In my line of work as a college literature teacher, I don’t encounter fellow citizens who are followers of Donald Trump. Therefore, I have had to rely on characters from fiction to help get me into the mind of the Trump voter. I’ll got out on a limb to suggest that Mississippian Jason Compson, one of the central characters in William Faulkner’s 1928 masterpiece The Sound and the Fury, is a person who would be whopping it up at a Trump rally.
The Sound and the Fury is a primarily a tale of family dysfunction. The Compson family is not a safe refuge but a mine field of conflicting needs and emotions. It’s a complicated story told in four sections. The first three sections are interior monologues; each displays the inner life of one the three Compson boys, Jason being the middle brother. Each has a complicated relationship with their older sister, the promiscuous Candace (Caddie); her presence in the novel is large but it is always refracted through the memories of her brothers. The fourth section, devoted to the Easter Sunday duties of Dilsey, a faithful black housekeeper, departs from the psychological realism of the sections that precede it to offer an optimistic image of devoted endurance that many readers find offsets the bleak Compson family history.
Jason is a man of grievances, most directed at his family whose once noble lineage has been in decline for a number of decades, even through the years of 1920s prosperity.
His alcoholic father, now deceased, has sold off the large family pasture to enable Jason’s older brother Quentin to attend Harvard, where, one day in 1910, he commits suicide, tarnishing the family name and spoiling any chance for its rehabilitation. His younger brother Benjy is a 33 year old mentally challenged child who pines after the departed Caddie, a surrogate for the emotionally unavailable mother, Caroline. Caroline is a hypochondriac who rarely descends from her second floor bedroom-sanctuary. His niece, named after his sister, is as wild as her mother was. The mother fell for a hypocritical and rich suitor, divorced her husband after the birth of her daughter, rarely returns to the homestead, and regularly sends her daughter some money which Jason stealthily confiscates. Jason spends the better part of Holy Saturday in pursuit of his runaway niece who has run off with a circus performer. Jason feels that he bears many insults and that he endures many undeserved grievances. He’s played by the rules, or so he thinks, but feels few of the rewards. He is the Fury of the novel’s title.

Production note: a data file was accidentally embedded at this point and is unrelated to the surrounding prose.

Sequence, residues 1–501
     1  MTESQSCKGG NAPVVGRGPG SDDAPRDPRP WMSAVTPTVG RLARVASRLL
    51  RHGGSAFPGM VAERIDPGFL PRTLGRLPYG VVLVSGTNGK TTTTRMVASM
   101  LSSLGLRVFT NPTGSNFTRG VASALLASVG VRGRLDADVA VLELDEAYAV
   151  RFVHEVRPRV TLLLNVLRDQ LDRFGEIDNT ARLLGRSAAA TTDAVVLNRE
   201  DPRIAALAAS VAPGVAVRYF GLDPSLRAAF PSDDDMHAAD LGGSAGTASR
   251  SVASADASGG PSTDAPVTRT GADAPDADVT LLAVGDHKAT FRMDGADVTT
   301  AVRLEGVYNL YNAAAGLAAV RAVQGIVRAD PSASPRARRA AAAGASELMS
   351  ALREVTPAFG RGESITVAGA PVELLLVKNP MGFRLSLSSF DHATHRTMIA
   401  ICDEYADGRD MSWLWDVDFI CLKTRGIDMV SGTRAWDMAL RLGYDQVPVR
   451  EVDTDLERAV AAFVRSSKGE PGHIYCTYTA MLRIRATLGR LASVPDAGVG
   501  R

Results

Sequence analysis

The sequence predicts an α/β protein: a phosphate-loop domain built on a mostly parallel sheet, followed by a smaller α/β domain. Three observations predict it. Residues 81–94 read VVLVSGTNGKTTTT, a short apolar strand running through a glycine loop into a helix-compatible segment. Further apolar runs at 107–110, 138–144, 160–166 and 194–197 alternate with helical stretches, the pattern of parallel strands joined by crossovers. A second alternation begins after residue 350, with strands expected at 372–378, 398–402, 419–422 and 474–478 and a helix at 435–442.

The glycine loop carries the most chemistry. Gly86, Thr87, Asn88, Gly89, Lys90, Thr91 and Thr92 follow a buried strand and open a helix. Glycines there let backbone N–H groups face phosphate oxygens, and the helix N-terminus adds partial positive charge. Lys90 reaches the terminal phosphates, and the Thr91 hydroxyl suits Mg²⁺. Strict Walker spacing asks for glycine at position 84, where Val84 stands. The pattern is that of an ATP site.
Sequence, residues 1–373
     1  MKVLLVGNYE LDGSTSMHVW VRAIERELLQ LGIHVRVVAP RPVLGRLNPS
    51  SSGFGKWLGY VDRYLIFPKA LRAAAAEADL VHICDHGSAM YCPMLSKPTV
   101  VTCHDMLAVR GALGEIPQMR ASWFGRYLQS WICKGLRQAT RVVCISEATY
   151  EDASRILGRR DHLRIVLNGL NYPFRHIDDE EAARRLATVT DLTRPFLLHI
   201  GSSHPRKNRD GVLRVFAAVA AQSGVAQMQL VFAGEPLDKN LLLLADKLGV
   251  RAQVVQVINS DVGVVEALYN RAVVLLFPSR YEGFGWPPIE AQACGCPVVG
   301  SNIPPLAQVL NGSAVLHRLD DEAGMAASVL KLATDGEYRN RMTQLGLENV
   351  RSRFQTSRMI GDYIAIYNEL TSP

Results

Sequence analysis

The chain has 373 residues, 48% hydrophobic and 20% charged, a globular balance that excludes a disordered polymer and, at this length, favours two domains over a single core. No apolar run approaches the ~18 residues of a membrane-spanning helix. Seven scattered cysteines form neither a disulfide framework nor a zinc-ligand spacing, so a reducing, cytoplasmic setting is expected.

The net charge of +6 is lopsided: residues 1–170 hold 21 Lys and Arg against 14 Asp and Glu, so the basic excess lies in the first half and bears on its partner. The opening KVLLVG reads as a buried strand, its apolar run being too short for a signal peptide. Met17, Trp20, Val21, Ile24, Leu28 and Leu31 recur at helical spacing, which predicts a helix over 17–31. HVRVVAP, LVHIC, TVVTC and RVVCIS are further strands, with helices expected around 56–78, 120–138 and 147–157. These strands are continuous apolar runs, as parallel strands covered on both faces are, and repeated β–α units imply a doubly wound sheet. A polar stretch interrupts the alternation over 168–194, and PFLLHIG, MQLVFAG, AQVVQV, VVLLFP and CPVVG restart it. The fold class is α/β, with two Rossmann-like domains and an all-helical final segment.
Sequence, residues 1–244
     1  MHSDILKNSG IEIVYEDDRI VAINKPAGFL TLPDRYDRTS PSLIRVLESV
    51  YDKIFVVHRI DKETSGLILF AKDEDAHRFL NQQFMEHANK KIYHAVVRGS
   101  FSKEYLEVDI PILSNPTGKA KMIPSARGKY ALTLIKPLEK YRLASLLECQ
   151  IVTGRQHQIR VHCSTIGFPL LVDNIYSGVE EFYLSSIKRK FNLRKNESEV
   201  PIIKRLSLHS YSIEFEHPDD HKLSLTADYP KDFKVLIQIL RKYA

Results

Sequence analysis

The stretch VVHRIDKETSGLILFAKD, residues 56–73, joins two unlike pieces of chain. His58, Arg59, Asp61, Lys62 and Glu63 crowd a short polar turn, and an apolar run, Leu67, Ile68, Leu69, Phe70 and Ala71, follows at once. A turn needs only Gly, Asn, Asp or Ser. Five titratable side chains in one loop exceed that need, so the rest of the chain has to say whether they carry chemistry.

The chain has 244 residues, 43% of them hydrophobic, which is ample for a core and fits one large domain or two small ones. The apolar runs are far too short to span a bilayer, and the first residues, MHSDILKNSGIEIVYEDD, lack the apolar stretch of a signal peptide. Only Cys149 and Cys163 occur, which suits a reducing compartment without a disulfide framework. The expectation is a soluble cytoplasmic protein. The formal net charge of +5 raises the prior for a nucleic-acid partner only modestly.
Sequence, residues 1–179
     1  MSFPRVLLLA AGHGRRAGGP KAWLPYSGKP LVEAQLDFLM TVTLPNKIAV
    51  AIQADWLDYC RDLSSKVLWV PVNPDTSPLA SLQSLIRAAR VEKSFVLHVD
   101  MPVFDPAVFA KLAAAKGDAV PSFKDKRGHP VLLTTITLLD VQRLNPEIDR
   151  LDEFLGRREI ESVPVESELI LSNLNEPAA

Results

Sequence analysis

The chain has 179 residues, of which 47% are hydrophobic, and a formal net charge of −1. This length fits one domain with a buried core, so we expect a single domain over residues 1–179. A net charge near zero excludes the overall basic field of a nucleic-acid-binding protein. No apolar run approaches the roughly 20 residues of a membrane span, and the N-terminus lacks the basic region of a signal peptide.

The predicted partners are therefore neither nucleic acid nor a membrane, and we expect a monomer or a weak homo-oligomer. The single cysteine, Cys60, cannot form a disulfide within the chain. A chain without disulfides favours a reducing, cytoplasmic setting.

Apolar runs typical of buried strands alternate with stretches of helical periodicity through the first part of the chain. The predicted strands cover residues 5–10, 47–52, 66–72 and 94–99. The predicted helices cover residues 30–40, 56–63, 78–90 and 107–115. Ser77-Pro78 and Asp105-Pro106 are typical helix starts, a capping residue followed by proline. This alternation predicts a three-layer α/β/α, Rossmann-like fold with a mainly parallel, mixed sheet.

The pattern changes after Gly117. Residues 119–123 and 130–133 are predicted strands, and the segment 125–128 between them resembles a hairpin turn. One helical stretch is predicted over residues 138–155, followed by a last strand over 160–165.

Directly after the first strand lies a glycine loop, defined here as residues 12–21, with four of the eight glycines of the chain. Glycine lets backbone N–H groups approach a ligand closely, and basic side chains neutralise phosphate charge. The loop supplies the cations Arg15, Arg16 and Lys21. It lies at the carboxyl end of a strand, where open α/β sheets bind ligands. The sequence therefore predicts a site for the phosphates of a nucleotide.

His volcanic diatribe is not directed at his family alone. His animosity is pointed toward others both near and far. Here is where his characters offers us a look into the mind of the Trump follower, perhaps some of the South Carolinians who gave him 33% of the vote in the state’s February 19th primary.
The racist Jason is surrounded by a number of house servants (Dilsey’s progeny) who he believes are incompetent parasites. Luster, Dilsey’s opportunistic grandson and Beny’s caretaker, is a particular source of irritation because he represents a new generation of blacks in the Jim Crow South who will be far less docile than his pious grandmother, the daughter of slaves.The toxic mixture of Jason’s character contains not only racism but anti-Semitism. He’s a descendant of the Know Nothing Party that flourished in the middle of the 19th century as opponents to immigration in general and Catholic immigration in particular. Jason rails against the distant Jewish bankers who he and many other rural citizens believe manipulate the grain and cotton markets.
In the year of the novel’s publication, the voters of Louisiana elected as governor the radical populist Huey Long who promised “a chicken in every pot” and a restoration of Southern pride, six decades after the ignominious Civil War defeat. [To some extent Long is more like Sanders; his battles against the money interests, especially the Standard Oil Trust, prefigures Sanders attack on the banks.] Despite the wide differences in the backgrounds of “The Kingfish” and “The Donald,” both exploit the anxieties and stoke the anger of the dispossessed, mostly white males who feel their world slipping away. In Jason’s mythology, he’s being sandwiched by distant and uncaring elites and by an all-too-present inferior class. Another source of aggravation for the misogynistic Jason, thrust into the role of family patriarch, is his inability to control the sexual desire of his sister and niece.
Even though Jason is just as much fizzle as fury (there is something comic about his Archie Bunker-like ineffectual rage), his rant is a reminder that deep class, race and gender conflicts in American life have been with us for most of our history. While Faulkner was not the first to limn such a character — see Huck Finn’s father for the template — he anticipated by more than a third of a century the central thesis of Richard Hofstadter’s 1964 The Paranoid Style in American Politics. Some Trumpians believe that the politician gives them new license to be politically incorrect; few readers of The Sound and the Fury will find the aggrieved Jason attractive, despite Faulkner’s apparently non-judgmental presentation of Jason’s inner life.
Perhaps I have done a disservice to the Trump advocates, but I can’t get out of my head an image: Jason Compson, with a “Make American Great Again” cap on his head, letting out a holler when Trump takes the stage.